Fifteen tanker trucks from multiple fire departments were used in March 2016 to shuttle water to a fire that destroyed three buildings at Fairview Farms horse farm in New Bloomfield.
In January of this year, nine fire departments were involved in bringing water to fight a fire that destroyed the Evergreen Condos in Holts Summit.
After battling these type of fires and knowing many locations in Callaway County don't have access to fire hydrants, many of the fire departments in the county decided to get together to improve water shuttle training.
On Thursday night at the Lake Mykee subdivision, the Holts Summit Fire Protection District hosted crews from the Central Callaway, Southern Boone, South Callaway and Millersburg fire protection districts for this operation. Water was taken from the lake, which was put into the tanker trucks. The trucks then dumped water into portable tanks. At fire scenes, the tankers take the water from the portable tanks to combat a fire.
"Being that most of our response areas along with our neighboring departments are widely rural, water supply is very important," Holts Summit Lt. Clay Hasty said. "We want to bring these departments together to make sure that, come an emergency situation, we are completely ready to perform to save life and property."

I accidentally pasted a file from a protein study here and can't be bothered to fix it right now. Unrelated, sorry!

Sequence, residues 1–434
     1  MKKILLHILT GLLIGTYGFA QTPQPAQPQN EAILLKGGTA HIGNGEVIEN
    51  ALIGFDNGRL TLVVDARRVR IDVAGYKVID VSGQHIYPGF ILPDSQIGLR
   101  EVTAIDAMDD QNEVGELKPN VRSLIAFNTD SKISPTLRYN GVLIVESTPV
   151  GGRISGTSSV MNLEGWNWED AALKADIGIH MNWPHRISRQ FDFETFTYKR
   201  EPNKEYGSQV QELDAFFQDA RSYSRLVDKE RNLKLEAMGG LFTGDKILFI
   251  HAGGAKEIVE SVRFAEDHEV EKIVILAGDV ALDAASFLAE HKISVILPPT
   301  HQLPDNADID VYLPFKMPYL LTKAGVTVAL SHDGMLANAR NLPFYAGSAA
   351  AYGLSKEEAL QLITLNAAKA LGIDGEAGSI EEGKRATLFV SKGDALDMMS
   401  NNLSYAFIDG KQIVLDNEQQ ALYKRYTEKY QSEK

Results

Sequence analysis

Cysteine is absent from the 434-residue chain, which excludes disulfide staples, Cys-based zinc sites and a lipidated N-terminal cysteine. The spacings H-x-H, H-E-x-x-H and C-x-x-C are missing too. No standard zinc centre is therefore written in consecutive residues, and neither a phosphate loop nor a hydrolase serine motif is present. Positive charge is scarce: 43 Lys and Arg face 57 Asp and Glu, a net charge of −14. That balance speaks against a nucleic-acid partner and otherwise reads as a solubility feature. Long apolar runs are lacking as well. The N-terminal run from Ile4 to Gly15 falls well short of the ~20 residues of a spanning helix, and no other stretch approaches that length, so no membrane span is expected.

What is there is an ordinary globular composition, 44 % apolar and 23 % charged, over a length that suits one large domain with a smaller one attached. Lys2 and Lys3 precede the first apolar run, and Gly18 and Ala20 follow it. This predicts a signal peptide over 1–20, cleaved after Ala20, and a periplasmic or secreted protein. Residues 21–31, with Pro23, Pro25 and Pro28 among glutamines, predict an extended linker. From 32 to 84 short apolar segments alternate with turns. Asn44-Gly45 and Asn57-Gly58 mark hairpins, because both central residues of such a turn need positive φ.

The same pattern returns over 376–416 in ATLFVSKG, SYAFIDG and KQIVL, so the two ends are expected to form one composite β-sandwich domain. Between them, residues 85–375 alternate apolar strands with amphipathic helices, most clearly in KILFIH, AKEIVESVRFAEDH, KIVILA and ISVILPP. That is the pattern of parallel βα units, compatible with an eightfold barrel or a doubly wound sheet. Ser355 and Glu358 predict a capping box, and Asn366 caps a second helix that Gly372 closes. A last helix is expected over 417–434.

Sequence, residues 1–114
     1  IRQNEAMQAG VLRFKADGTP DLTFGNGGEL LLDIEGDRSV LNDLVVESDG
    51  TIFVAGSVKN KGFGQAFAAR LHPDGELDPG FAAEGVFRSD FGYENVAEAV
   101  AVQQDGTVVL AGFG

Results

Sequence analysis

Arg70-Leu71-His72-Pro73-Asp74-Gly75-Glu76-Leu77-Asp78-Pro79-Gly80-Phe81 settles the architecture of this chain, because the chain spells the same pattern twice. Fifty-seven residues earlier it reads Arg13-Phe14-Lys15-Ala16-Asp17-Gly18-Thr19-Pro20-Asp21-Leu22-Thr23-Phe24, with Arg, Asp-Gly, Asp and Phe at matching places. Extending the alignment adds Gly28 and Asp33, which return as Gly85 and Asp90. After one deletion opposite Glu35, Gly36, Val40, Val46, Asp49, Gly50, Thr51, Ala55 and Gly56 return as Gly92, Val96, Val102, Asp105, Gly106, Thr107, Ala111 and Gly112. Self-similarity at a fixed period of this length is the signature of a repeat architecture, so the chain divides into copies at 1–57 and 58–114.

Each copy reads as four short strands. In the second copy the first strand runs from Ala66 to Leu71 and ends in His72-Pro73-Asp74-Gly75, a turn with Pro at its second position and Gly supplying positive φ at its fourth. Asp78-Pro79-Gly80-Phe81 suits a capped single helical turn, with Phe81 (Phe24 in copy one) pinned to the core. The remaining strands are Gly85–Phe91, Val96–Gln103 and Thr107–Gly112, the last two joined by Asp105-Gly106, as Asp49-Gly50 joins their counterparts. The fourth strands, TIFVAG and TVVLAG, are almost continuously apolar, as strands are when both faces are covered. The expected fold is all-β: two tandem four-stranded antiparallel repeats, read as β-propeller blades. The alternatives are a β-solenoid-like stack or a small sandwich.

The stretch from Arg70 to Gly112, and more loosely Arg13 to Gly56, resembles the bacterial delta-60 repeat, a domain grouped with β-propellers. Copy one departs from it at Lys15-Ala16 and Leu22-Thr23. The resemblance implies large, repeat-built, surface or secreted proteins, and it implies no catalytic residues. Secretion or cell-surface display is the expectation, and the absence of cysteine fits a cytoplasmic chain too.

Hasty said practices like those Thursday night help members of the departments get to know one another and also get familiar with the different pieces of equipment each department has available.
"It depends on where the fire is at and road conditions, but usually, a round trip for a tanker is 15-20 minutes," Hasty said. "In Holts Summit, we only have three tankers, and that would be nowhere near enough for a large fire, so we have to have mutual aid help. You can easily get 10 tanker trucks wrapped up in a fire."
Hasty said, at minimum in Callaway County, three departments could be involved in fighting a single structure fire. He said Thursday night's exercise was close to the scale of tankers used to fight the fires at the horse farm and the apartments.
"We work pretty good on mutual aid calls on smaller fires, but for a big scale fire, you have to be efficient at it, and we don't have calls that are big scale every year," Hasty said. "We try to have big scale practices as much as we can."
All the departments involved in Thursday's exercise are volunteer departments, and Hasty said sometimes when a call comes in, that can mean there may be just one person per truck to respond.
"We typically try to have at least three people on a truck, but you have to deal with what you've got," he said.